Then there is the matter of his own death. After an accident that leaves Hero scarred and Matthew with minor injuries, his life insurance company sends a beneficiary check to Hero. “She handed over a formal-looking letter. ‘Apparently you’re dead.’” This is a snafu that is never explained, but could be his everyman way of accounting, a second chance in life (death) to create some good deeds. Credit cards are canceled, his payroll check stops coming, it puts considerable strain on Matthew’s ability to function as a living being. “And now I was dead. Things decidedly did not appear to be looking up.”
Then Hero’s mother goes missing. Sinkholes dot the countryside. Shadowy investigators start snooping around in Matthew’s past dealings at the Bureau of Environmental Study. A former colleague that makes a terrible pot of coffee puts him on a chase for clues in a dingy, mildewed warehouse searching for a project Matthew vaguely remembers called Rain King. He signed off on a potentially deadly pesticide project. But he can’t recall any of it because of his abject lack of caring: “My passivity had been more successful than even I could have dreamed.” He begins to see that he is the patsy, his rise in the state government more than just dumb luck. He has been set up to take the fall.
“Get out of politics, Matty, before it kills you[,]” his journalist friend, Janice, tells him. And indeed she is looking out for his own good, though only so much as his own good does not get in the way of a good scoop, a scandalous story.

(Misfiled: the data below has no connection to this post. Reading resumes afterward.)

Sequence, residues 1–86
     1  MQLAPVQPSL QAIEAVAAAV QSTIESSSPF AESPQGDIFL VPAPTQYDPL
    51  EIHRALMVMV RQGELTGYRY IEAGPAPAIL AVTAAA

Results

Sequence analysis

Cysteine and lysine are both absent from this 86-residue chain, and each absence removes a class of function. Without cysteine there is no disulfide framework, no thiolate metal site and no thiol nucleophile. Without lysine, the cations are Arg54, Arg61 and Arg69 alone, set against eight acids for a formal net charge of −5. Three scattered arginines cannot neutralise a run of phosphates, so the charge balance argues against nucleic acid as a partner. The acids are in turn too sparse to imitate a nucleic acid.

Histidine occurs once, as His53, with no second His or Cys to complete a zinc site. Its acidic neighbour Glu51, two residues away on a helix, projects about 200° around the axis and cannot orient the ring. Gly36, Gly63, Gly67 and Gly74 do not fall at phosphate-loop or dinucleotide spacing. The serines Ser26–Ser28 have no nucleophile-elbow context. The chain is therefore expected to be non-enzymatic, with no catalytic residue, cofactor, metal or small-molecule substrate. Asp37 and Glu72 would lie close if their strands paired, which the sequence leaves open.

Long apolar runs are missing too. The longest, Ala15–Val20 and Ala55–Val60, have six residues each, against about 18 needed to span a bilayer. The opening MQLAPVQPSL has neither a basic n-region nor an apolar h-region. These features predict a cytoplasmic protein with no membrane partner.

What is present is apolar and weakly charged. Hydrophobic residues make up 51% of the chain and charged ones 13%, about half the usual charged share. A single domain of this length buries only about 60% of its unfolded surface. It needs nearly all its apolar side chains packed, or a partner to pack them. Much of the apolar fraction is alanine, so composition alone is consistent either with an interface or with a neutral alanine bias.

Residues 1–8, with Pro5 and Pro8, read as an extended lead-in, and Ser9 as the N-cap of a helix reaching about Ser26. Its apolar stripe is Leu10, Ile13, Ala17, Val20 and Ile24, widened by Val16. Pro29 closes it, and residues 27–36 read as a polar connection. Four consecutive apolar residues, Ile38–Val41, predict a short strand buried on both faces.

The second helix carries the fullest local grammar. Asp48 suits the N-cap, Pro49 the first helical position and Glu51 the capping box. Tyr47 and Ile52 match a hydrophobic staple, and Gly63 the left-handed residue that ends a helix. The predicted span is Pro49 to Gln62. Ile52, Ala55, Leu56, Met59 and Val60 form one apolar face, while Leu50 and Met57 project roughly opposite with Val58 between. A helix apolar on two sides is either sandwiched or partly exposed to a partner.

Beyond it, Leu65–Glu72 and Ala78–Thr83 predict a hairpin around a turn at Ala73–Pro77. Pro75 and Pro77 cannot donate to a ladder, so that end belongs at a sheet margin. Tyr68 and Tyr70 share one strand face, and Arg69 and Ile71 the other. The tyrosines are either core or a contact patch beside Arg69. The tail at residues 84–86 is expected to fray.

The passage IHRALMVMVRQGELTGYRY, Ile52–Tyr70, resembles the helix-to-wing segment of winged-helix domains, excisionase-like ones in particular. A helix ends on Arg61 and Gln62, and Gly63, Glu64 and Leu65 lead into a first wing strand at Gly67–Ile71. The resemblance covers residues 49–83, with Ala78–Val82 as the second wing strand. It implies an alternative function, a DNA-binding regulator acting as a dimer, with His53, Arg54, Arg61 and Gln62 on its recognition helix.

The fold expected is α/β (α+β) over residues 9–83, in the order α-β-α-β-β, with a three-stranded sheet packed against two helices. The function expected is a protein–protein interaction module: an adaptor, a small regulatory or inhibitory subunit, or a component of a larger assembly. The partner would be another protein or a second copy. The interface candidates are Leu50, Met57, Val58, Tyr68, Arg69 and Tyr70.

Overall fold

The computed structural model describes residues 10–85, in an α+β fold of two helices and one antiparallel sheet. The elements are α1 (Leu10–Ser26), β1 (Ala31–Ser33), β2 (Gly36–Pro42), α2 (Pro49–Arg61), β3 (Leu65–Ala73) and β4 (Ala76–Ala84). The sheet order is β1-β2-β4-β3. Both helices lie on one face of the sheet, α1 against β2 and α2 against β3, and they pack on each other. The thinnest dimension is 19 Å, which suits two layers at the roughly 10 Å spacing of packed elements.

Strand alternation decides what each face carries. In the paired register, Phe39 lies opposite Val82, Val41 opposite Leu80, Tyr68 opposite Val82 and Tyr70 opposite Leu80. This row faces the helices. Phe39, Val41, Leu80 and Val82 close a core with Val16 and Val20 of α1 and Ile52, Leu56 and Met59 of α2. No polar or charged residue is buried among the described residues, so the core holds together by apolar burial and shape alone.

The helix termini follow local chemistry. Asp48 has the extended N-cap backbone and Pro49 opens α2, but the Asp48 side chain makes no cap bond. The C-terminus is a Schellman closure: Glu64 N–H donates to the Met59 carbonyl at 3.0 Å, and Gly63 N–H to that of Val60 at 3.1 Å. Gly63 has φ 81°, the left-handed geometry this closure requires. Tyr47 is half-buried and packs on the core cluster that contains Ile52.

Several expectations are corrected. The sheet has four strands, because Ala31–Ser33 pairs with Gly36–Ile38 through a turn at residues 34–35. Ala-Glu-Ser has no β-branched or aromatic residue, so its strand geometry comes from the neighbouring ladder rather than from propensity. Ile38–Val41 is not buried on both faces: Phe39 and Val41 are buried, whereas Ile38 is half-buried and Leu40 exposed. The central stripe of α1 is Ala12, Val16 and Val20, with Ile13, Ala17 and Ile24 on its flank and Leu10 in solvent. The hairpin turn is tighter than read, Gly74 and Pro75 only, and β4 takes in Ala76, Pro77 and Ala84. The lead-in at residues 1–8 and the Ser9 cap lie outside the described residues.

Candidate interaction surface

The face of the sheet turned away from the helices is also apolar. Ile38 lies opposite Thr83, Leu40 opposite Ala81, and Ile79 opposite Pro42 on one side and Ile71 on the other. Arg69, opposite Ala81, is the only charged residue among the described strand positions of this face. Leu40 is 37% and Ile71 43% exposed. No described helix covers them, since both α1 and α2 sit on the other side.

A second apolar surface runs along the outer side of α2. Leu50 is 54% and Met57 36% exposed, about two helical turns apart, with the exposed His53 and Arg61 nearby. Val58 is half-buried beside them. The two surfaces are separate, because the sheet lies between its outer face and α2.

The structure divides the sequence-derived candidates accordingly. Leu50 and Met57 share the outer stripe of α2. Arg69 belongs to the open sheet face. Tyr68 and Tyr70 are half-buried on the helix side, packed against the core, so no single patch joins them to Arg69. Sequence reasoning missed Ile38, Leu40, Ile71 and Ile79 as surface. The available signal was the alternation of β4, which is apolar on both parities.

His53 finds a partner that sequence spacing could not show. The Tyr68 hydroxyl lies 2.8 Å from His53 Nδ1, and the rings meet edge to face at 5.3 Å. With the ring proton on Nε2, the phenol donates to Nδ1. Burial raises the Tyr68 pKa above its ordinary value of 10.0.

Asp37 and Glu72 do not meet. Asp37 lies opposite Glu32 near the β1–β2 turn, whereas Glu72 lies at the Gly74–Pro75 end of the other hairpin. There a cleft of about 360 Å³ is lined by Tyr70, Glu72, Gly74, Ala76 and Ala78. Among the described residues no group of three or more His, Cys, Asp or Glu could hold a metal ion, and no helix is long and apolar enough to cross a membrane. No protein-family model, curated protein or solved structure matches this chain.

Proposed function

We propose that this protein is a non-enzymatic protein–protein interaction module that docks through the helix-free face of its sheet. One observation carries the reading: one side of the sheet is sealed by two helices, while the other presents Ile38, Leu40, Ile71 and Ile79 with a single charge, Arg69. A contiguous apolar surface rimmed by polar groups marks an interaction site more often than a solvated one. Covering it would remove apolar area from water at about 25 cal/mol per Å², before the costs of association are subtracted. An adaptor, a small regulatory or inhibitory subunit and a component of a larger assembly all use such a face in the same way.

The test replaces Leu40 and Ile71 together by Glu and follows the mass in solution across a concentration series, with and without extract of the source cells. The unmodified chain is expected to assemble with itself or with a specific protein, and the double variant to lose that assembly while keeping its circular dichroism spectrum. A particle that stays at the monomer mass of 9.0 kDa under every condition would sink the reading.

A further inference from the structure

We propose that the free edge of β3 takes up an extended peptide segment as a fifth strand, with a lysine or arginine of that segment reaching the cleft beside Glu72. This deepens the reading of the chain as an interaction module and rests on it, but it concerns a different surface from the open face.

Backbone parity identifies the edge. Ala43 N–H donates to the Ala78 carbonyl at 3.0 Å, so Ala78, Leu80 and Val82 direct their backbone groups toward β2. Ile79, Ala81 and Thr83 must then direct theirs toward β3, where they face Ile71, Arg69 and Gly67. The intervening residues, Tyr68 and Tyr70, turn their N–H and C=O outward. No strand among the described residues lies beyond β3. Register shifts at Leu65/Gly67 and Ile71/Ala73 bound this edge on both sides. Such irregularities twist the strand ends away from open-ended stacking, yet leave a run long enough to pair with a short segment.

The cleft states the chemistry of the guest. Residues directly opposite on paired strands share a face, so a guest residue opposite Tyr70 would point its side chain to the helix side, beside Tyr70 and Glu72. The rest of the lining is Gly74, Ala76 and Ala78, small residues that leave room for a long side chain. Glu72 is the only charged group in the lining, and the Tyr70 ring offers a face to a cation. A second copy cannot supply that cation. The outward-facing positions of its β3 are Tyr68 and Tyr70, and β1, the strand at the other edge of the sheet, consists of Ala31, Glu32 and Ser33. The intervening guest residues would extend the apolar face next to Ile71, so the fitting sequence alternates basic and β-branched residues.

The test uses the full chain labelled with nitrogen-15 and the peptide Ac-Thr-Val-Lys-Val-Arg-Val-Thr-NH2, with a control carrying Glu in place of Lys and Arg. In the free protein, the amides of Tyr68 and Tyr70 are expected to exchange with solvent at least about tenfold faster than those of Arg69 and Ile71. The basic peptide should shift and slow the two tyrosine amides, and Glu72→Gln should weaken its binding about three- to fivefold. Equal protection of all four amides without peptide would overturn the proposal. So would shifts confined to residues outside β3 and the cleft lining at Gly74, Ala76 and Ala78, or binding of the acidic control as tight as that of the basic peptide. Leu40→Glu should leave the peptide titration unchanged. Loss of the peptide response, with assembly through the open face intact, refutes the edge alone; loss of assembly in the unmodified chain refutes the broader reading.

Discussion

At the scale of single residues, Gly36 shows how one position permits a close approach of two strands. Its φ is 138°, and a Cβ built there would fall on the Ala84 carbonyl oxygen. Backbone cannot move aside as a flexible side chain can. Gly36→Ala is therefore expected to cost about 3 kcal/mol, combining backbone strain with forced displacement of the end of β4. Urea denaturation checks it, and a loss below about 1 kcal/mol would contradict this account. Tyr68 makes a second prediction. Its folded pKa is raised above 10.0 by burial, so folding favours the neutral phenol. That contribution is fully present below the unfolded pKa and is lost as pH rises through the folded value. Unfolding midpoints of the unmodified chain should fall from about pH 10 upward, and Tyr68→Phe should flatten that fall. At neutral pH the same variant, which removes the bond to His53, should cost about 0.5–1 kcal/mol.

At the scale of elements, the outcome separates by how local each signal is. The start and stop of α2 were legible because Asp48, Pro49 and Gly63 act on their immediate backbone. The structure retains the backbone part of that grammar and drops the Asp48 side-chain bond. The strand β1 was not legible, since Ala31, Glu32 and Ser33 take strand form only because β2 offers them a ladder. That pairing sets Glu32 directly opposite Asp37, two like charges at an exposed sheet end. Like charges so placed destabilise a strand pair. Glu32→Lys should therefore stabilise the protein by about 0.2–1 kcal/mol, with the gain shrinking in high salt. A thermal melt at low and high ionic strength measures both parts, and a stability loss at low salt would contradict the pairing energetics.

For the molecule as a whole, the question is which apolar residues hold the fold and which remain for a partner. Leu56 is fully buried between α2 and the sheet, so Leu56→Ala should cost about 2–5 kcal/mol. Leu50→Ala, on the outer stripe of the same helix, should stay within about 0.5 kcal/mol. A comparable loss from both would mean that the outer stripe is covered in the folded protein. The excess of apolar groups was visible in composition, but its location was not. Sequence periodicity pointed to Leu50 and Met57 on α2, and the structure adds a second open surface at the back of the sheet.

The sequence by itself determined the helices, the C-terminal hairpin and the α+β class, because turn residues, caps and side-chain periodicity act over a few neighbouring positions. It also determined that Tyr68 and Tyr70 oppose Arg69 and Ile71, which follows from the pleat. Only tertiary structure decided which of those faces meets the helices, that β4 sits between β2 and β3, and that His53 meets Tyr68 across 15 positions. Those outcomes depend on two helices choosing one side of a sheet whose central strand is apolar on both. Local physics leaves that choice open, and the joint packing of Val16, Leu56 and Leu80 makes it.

On top of all these muddled distractions Matthew Brown has been assigned to orchestrate the first capital punishment execution the state has seen in over a decade. With the legacy of botched executions and recent death-row media attention, the Director naturally gives Matthew the job. “We don’t want any accidents, like what happened last time. This is going to be a three-ring circus, and you’re the perfect public face for this.” In all of this his daughter, Hero, tries to be his good conscience, his guide to lift him, however precociously and caustic while explaining his job to Hero’s other father, Geoffrey:
“What is it you do, Matthew?” Geoffrey asked, turning to me. “You’re in government, I think I heard.”
Hero sneered. “He’s a cold-blooded killer.”
“I work for the Department of Corrections.”
“Don’t leave out the killing part.”